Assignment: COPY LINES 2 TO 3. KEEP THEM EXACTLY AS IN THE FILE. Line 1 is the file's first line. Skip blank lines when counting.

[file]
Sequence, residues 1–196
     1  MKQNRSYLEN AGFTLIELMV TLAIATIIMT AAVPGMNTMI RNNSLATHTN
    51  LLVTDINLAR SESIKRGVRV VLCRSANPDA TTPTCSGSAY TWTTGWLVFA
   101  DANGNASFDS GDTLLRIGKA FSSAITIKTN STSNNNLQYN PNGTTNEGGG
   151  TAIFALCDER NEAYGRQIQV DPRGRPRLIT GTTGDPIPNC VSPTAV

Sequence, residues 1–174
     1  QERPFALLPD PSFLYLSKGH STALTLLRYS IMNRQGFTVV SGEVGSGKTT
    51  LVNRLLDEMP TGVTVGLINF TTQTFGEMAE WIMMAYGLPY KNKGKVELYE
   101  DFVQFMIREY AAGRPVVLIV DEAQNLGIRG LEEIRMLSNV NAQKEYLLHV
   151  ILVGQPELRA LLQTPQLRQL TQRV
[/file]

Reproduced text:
     1  MKQNRSYLEN AGFTLIELMV TLAIATIIMT AAVPGMNTMI RNNSLATHTN
    51  LLVTDINLAR SESIKRGVRV VLCRSANPDA TTPTCSGSAY TWTTGWLVFA